Cultural Strategies on Race, Space, and Place

GIA Conference blogger, Tram Nguyen reports from the conference, happening now in Oakland, California:

The preconference session on “Culture at the Intersection of Race, Space and Place” has my worlds colliding this Sunday morning in downtown Oakland.

In the spirit of storytelling—as panelists Roberto Bedoya and Favianna Rodriguez modeled—I am both a longtime Oakland resident, a current local government employee (in the county public health department), and a prior chronicler of race, space and place as a journalist at

As an Oakland renter and mom raising my family in this place of struggle and possibility, I am deeply compelled by the idea how the arts can help to create a “civic narrative of belonging,” in the words of Oakland cultural affairs manager Roberto Bedoya—because every day I am thinking about my triracial son and his classmates’ belonginess in the Oakland we know, and that is becoming harder by the day to stay in.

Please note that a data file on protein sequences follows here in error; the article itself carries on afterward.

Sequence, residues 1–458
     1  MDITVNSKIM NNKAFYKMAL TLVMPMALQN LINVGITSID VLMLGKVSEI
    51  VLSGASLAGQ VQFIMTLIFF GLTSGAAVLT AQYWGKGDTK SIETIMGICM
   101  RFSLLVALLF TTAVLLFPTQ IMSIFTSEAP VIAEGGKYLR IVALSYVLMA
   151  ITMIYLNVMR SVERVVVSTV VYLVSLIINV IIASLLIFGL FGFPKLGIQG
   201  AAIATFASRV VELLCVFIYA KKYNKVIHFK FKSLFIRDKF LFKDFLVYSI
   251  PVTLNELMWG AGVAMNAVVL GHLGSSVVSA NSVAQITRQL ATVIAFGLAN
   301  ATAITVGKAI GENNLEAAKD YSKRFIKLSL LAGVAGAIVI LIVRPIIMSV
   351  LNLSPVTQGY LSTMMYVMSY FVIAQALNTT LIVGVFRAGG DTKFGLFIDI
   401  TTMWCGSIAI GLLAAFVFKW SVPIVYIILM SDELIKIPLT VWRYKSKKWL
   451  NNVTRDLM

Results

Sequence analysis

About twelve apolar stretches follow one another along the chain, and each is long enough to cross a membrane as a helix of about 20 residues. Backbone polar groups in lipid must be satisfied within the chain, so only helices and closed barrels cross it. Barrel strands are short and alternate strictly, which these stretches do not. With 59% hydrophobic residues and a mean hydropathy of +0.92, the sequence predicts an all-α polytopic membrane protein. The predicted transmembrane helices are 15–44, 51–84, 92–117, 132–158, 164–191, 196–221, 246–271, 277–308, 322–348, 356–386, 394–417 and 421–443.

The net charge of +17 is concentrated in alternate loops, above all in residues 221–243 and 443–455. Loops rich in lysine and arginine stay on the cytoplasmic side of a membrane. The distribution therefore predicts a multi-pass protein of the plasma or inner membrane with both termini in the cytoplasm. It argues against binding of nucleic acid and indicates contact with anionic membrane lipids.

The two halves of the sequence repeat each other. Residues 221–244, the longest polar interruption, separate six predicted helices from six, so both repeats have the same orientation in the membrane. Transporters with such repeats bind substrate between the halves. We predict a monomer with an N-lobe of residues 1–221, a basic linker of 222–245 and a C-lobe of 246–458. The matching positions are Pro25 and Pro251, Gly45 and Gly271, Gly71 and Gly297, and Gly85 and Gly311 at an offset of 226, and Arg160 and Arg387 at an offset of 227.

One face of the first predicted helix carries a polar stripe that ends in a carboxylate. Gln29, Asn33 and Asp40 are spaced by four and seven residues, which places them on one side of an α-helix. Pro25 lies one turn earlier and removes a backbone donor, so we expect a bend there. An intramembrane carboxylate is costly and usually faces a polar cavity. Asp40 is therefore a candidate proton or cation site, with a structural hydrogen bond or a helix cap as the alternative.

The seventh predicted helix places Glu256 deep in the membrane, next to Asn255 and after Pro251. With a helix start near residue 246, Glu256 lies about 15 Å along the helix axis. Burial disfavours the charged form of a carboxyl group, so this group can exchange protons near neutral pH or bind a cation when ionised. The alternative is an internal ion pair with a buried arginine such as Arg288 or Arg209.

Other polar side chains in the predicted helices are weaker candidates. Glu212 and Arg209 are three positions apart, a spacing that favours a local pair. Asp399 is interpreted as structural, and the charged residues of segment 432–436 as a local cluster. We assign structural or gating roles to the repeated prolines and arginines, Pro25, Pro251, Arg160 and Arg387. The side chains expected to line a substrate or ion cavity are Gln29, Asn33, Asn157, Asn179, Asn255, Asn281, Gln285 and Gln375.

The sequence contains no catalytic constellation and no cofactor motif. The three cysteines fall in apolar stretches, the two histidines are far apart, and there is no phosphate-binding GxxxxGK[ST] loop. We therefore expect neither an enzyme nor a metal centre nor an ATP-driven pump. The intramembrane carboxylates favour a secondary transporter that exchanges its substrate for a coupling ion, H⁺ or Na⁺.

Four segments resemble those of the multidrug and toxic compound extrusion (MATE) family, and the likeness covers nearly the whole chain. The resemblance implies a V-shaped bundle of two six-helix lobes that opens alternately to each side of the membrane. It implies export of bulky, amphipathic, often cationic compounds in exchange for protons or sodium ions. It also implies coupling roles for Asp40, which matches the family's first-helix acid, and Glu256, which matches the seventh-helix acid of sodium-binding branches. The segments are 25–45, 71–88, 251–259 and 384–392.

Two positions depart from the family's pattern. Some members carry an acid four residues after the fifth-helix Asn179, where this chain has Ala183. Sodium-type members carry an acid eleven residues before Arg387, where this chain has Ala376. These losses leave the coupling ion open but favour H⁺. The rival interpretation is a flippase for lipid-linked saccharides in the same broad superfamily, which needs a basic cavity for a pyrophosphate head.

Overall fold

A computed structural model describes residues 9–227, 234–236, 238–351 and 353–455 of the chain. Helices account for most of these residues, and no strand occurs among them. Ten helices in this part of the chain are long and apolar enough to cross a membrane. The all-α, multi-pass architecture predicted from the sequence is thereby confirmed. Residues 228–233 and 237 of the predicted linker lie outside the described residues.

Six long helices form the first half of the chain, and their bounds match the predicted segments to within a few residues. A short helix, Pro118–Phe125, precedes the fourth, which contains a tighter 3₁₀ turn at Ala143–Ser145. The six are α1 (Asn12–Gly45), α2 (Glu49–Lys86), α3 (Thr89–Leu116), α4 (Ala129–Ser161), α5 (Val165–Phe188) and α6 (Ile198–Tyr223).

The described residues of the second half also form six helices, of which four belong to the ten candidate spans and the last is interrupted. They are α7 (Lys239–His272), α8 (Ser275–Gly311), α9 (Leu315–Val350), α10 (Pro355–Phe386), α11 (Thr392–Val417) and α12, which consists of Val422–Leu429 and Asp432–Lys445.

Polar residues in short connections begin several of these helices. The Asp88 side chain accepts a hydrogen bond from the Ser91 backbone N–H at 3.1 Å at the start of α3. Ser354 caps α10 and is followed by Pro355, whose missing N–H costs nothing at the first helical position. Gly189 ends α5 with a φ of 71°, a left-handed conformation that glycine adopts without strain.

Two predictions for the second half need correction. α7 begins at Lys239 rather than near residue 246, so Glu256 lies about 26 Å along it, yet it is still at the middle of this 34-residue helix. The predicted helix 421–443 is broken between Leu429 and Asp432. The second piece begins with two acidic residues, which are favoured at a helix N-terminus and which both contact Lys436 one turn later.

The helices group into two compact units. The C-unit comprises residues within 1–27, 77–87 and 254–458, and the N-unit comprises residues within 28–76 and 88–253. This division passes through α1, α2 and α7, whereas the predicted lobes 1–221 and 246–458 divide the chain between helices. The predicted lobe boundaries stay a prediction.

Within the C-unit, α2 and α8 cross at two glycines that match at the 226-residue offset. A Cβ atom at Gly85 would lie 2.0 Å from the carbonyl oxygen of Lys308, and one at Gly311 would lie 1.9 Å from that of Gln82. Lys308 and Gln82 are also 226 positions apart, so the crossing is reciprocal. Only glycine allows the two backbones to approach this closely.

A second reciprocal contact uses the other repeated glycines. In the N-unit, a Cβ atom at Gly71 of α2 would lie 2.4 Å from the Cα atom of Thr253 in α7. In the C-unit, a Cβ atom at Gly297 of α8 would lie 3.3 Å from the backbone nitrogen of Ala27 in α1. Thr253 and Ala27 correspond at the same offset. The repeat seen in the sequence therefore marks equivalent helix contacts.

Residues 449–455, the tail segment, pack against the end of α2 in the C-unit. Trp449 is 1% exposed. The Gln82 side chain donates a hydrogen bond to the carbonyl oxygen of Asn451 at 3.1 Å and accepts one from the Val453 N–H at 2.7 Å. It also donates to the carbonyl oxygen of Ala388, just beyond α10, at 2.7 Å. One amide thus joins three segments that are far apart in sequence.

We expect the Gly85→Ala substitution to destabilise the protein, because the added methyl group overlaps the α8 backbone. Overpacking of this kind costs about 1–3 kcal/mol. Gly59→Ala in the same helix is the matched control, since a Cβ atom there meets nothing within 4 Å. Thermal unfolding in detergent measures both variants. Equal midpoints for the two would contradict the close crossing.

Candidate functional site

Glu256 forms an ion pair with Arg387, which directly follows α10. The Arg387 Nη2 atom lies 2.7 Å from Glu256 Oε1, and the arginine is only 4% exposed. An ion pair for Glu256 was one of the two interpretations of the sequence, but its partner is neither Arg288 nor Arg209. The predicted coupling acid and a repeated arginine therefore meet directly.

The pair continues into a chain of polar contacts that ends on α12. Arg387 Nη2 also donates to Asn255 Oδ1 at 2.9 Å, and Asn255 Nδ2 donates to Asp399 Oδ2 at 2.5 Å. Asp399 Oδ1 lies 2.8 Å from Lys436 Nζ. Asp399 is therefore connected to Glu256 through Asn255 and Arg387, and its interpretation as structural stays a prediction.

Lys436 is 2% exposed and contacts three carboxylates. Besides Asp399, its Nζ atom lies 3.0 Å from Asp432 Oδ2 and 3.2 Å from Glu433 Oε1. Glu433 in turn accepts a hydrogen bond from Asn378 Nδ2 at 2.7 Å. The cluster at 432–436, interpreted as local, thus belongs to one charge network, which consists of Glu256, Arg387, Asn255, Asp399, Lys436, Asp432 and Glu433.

As a public health policy professional, I am intrigued that our local government “siblings” in the arts and cultural sector are thinking and strategizing in some very similar veins as we do in public health. Basically, arts and cultural equity can operate like a set of values and strategies that act as a through-line for equity and social justice across city and county planning and policies in every arena—much as we strive to do in health equity.

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